I'll confess. For those of you who haven't figured it out, I'm not super-blog-savvy. No ads. No links. No pretty pictures of where I've been (I'm lucky I managed to load a pic of myself.) No video. No blogs that I'm following. No comments ... obvi.
But all that's going to change. In my ongoing research into this topic, I occasionally find groups of people who are exchanging info about drinking problems. For instance, the Booze Free Brigade. I heard about them a few years ago through reading Stephanie Wilder-Taylor's blog - which I should be following and as soon as I learn how to follow, I will.
Ms. Wilder-Taylor is the author of "Sippy Cups Aren't For Chardonnay" and other books about motherhood - a lot of them about drinking, too. Wilder-Taylor was concerned about her problem and gave up drinking in 2009. She now works alongside the Booze Free Brigade to promote awareness of women and drinking problems. As soon as I learn how to link to them ... I'll do that here, too. :)
I haven't necessarily followed the Booze-Free Brigade, now 1000 members strong, because of the whole "booze-free" thing. But I know it's important because heavy drinking among women is a growing concern. There's been a 30% increase in the number of young women who "binge-drink" in the last thirty years. According to the Joseph Rowntree Foundation which conducted a study into women's drinking habits, seniors aren't in the clear either. The number of alcohol units or individual drinks consumed by women over 65 almost doubled between 1992-2006, from 2.7 to 5.1.*
More independence means more money. More money means more booze. More booze means more problems.
When I started working on this plan almost ten years ago - long before I thought about it as a blog or something I wanted to share with people - there wasn't a lot of information about women and drinking. Caroline Knapp's "Drinking: A Love Story" was one of the few things I could find back then - and thank God I did, because it was the starting point for everything.
Knapp, like Wilder-Taylor, abstained completely when she joined A.A. Again, I was reticent to follow in her footsteps, not ready to give up my wine just yet. That's how I began to develop this plan. And ... it's definitely working for me. (For instance, today is my second cleanse day in a row ... I'm in such good spirits and had such a great day yesterday, not to mention a good sleep last night, that I completely forgot it's my last off-day for the week. Shocking! Even on days off I'm not counting the hours until my next drink.)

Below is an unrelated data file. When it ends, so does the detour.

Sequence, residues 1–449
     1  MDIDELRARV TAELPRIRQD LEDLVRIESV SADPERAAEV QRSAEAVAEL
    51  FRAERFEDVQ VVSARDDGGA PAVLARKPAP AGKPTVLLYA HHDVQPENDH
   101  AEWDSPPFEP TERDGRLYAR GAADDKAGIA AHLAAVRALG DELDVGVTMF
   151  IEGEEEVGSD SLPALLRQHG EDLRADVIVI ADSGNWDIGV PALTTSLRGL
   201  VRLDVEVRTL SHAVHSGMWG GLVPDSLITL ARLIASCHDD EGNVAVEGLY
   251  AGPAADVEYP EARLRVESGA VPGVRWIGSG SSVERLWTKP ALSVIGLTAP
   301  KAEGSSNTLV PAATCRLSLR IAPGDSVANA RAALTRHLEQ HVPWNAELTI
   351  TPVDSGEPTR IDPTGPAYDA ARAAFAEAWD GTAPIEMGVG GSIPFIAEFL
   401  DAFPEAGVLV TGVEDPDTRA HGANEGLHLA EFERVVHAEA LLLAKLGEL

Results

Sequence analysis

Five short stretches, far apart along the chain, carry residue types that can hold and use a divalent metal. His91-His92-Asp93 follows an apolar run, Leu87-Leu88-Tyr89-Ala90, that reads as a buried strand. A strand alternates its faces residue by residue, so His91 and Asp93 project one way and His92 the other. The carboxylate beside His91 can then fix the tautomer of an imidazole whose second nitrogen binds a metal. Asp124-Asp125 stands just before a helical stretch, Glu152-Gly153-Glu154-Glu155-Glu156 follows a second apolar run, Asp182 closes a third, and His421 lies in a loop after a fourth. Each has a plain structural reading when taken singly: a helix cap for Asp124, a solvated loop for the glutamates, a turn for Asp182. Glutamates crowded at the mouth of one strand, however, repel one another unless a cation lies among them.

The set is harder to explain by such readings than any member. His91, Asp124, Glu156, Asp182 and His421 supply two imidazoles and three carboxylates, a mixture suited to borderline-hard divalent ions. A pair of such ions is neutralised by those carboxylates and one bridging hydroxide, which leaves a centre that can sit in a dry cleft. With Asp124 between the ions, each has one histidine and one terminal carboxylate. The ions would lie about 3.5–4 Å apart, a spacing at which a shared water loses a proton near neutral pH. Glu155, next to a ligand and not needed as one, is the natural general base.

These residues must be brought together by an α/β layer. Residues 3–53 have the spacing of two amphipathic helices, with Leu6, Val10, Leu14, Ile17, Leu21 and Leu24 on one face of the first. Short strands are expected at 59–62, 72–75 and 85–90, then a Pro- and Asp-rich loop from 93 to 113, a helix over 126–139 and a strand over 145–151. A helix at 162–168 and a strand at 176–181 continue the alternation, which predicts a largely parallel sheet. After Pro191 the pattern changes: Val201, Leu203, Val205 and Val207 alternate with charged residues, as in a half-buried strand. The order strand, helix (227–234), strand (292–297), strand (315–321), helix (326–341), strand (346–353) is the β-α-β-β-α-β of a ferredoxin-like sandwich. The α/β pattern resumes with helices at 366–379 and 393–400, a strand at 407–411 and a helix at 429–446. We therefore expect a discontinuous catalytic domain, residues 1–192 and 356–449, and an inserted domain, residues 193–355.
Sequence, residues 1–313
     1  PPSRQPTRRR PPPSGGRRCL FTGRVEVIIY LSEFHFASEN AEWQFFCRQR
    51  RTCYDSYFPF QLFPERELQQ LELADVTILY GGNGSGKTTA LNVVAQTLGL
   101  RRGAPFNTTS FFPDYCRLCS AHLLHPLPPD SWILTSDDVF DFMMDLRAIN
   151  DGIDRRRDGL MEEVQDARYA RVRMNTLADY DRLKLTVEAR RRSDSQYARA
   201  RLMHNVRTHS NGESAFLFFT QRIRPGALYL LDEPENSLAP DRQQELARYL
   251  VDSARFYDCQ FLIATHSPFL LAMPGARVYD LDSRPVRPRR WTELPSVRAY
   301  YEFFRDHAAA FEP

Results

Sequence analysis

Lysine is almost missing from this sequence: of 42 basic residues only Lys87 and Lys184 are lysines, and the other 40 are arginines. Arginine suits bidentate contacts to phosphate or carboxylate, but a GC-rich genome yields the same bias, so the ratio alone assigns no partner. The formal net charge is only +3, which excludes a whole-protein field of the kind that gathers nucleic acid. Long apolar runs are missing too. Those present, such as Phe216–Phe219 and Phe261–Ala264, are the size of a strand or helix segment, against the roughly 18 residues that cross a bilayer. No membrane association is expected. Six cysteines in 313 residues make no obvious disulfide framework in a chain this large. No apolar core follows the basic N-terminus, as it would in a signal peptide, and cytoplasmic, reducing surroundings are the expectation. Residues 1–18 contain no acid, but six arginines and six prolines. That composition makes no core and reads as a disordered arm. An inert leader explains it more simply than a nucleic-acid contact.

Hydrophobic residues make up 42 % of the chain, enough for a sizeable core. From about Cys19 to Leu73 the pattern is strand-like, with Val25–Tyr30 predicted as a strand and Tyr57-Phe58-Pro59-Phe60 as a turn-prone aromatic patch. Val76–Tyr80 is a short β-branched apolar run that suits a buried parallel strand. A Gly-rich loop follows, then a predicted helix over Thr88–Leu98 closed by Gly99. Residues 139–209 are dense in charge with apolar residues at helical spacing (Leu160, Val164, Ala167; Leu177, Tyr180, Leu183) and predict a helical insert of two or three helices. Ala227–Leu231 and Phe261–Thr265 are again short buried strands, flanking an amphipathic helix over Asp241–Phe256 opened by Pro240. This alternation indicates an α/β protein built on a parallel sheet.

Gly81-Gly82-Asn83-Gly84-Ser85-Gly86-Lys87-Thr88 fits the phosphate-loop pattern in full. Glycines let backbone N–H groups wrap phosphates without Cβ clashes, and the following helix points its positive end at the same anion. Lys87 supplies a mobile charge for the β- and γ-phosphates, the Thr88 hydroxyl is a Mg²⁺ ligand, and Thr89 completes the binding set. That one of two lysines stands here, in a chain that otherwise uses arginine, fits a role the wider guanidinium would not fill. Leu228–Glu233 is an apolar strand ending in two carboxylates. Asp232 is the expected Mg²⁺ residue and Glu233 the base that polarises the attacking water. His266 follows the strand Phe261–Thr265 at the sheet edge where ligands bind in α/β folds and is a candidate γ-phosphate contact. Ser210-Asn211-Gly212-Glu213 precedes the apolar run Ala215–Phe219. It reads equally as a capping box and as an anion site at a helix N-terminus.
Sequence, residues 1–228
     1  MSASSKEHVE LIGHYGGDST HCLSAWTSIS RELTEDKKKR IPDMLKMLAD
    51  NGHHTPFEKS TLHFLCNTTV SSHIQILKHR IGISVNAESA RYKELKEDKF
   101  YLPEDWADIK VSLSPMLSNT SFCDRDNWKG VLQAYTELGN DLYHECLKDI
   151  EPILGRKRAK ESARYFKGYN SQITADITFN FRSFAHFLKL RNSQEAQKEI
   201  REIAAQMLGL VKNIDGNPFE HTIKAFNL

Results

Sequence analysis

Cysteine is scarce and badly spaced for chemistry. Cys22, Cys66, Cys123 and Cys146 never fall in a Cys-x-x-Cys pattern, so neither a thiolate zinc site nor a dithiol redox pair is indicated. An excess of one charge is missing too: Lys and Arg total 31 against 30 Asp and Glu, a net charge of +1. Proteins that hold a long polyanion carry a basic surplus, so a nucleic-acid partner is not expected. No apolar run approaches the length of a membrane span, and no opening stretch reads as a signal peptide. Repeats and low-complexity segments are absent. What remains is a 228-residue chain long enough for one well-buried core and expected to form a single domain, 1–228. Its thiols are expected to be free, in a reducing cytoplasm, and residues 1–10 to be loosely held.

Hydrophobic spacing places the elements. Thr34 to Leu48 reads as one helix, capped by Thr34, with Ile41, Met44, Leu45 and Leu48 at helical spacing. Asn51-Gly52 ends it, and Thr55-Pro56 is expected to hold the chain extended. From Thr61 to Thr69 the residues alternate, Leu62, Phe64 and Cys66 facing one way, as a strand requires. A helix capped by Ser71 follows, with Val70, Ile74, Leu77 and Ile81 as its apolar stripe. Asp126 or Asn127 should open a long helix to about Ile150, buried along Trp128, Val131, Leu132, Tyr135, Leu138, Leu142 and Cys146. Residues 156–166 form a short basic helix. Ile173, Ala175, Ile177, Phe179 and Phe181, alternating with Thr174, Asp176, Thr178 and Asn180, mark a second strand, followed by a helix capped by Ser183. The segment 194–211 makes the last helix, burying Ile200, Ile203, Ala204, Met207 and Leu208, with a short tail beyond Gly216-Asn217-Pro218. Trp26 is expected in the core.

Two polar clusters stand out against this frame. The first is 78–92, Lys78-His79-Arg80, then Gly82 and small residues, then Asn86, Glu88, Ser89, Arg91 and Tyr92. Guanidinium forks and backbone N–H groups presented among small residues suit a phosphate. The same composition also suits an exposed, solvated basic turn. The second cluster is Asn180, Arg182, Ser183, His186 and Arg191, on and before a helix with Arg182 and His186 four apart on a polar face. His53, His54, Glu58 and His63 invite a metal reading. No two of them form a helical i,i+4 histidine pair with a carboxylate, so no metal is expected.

Anyway, lately I've noticed more and more women bloggers talking about alcohol addiction and how they're coping with it. Not all necessarily by being booze-free. I was particularly interested in an up-coming book based on the blog "Drinking Diaries" by Caren Osten Gerszberg and Leah Odze Epstein. Both women and the others who contribute to the blog write about all aspects of drinking - from abstinence to moderation to getting all-out drunk. I think they're pioneers in the growing field of women and alcohol problems and I'm looking forward to reading "Drinking Diaries" - due out in late August. And to following the blog. Which I will do ... as soon as I figure out how to do that.
Of course, it's not just my lack of a technical green thumb that has prevented me from reaching out more. I've also felt sort of like a freak. A statistically non-existent drop in the ocean. And I'm slowly beginning to realize I'm not. I'm part of a growing movement ... the women's libation movement. Which has already been coined by copyranter.blogspot.com.
Hmmm. Why is everything green now? My typing is green. See? Fak.
I'll figure it out.
"Moms Get Real" - 08/19/2009, abcnews.com
Joseph Rowntree Foundation